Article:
Support the Indiana Daily Student to beat Purdue's student newspaper, the Exponent, through making a donation to the IDS Legacy Fund! Whichever publication raises more money before the Purdue v. IU football game Nov. 26 "wins" the challenge, but all donations go to support student journalism at the respective publications. To help IU beat Purdue and support the IDS, follow this link to donate.
Indiana Daily Student

Final Fantasy returns to Nintendo ... finally

After a long boycott of Nintendo consoles, Square and Nintendo have reunited at last, first with "Final Fantasy Tactics Advance" for Game Boy, and now with "Final Fantasy Crystal Chronicles." \nBut "Crystal Chronicles" may not be what gamers have come to expect from the "Final Fantasy" franchise. Rather than provide an intricately narrated single player experience, "Crystal Chronicles" delivers action oriented, multiplayer hack and slash gameplay, resembling PC titles such as "Diablo" and "Dungeon Siege" more than past "Final Fantasy" games. While the game may be played single player, the fun multiplies exponentially as more players join your "Crystal Caravan" in its quest to save the world from a deadly miasma.\nThe game boasts incredible graphics and includes perhaps the best water effect on a game to date. The catch, however, is that each player must connect a Game Boy Advance to the GameCube to control the game. This streamlines gameplay, allowing players to shop and manage inventory without pausing the action for everyone else, although it catapults the cost of playing "Crystal Chronicles."\nIf you and a friend or two each own a Game Boy Advance, and you enjoy cooperative gameplay, "Crystal Chronicles" is guaranteed to provide hours of fun, but as a single player game, any other Final Fantasy title is probably a better choice.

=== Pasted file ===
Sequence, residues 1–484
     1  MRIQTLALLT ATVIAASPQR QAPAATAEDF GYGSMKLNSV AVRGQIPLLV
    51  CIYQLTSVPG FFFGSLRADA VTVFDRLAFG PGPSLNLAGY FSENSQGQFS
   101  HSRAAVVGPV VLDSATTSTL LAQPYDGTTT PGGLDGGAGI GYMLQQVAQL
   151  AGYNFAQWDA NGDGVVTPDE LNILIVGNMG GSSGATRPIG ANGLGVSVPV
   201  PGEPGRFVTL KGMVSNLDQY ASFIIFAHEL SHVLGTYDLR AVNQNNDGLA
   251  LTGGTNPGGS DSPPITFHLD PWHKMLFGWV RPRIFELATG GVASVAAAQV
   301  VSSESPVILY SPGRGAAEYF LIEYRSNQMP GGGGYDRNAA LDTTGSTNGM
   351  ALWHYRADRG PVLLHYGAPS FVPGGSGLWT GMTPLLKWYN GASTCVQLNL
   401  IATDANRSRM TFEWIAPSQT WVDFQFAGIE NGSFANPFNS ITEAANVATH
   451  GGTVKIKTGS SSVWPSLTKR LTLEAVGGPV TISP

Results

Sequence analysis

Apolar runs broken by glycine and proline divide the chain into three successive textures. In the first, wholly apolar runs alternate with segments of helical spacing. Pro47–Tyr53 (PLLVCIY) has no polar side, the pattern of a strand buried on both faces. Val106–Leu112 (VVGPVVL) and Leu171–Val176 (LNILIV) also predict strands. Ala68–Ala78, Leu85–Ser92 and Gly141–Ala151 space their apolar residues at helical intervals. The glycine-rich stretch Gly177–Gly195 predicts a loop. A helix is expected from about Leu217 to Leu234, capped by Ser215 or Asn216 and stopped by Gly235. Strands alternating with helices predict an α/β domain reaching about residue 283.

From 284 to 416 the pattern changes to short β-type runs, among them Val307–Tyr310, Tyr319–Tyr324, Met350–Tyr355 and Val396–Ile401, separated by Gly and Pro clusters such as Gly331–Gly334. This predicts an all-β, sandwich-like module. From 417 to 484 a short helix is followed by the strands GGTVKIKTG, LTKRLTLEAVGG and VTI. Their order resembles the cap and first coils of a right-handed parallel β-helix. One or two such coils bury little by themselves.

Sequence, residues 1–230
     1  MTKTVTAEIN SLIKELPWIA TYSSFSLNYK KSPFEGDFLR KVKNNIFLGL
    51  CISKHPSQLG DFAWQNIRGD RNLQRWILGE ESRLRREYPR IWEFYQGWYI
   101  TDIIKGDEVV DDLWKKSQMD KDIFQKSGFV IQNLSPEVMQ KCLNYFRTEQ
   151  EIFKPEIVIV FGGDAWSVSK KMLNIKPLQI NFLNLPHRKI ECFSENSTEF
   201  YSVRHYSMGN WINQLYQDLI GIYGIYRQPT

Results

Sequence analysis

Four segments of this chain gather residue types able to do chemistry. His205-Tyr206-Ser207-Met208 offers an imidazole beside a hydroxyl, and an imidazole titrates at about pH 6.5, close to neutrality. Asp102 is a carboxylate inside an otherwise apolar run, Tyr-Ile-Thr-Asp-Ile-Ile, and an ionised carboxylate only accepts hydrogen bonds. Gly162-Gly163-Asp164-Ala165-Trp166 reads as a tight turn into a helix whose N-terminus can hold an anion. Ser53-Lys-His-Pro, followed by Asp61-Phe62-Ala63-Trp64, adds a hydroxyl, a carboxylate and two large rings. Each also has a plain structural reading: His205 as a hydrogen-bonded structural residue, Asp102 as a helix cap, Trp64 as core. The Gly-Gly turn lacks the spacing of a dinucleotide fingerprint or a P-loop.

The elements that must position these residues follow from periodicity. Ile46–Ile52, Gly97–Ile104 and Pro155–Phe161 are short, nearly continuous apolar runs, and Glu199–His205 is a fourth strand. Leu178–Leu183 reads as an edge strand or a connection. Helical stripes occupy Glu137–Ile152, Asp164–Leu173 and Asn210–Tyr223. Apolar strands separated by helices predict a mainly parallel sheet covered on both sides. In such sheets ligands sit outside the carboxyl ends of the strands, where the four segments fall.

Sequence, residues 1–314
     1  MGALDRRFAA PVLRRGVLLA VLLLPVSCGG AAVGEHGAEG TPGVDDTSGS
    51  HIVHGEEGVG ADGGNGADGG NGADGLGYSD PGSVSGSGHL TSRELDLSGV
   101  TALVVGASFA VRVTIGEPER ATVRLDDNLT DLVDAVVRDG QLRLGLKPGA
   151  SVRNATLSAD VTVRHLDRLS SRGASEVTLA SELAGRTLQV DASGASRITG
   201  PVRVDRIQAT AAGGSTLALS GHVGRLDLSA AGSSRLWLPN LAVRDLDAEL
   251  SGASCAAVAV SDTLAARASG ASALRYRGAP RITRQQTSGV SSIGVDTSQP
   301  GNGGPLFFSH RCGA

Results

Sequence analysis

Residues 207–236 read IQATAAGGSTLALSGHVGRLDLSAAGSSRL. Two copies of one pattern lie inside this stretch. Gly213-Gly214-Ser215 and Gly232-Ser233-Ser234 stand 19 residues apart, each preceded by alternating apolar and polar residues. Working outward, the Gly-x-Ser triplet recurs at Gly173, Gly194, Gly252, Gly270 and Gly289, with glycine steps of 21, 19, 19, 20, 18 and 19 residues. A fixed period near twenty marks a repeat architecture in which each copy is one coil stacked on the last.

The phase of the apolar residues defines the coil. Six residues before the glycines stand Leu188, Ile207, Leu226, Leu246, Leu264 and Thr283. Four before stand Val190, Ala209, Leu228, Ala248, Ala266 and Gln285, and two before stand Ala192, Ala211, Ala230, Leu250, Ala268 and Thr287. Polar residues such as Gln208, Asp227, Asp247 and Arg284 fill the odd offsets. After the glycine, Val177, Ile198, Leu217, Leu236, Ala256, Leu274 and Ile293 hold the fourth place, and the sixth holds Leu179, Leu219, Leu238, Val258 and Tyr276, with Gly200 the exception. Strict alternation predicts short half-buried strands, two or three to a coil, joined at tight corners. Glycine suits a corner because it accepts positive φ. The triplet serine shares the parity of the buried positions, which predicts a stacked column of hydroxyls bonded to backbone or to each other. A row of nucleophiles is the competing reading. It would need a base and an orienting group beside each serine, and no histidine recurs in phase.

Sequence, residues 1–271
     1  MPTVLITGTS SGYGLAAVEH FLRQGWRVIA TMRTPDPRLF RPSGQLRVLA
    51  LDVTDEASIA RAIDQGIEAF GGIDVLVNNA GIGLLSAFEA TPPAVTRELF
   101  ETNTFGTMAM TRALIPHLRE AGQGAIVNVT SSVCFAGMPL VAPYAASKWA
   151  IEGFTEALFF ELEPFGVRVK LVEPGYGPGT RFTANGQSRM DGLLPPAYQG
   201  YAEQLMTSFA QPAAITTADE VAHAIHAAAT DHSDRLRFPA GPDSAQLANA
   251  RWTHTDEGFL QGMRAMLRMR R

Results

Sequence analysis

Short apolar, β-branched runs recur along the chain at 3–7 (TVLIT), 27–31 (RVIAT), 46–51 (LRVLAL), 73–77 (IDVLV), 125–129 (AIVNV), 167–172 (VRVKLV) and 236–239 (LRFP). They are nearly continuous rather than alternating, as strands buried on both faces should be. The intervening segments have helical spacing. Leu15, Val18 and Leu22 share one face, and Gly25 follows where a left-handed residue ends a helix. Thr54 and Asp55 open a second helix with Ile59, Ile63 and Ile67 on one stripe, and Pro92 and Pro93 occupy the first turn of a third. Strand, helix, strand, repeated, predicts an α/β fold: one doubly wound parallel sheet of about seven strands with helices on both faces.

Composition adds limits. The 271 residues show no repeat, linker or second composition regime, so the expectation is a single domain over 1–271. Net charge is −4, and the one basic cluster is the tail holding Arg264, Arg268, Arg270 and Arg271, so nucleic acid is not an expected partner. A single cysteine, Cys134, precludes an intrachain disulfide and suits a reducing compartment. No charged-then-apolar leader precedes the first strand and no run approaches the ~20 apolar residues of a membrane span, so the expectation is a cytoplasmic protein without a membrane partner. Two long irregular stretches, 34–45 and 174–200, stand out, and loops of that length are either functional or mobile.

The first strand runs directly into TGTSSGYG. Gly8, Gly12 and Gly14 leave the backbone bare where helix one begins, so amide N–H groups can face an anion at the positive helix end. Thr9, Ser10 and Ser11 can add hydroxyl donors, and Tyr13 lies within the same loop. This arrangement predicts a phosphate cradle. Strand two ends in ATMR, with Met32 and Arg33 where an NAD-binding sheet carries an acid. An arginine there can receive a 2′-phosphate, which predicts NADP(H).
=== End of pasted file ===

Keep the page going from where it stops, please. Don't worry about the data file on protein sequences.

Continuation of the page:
Like what you're reading? Support independent, award-winning college journalism on this site. Donate here.

Powered by Solutions by The State News
All Content © 2022 Indiana Daily Student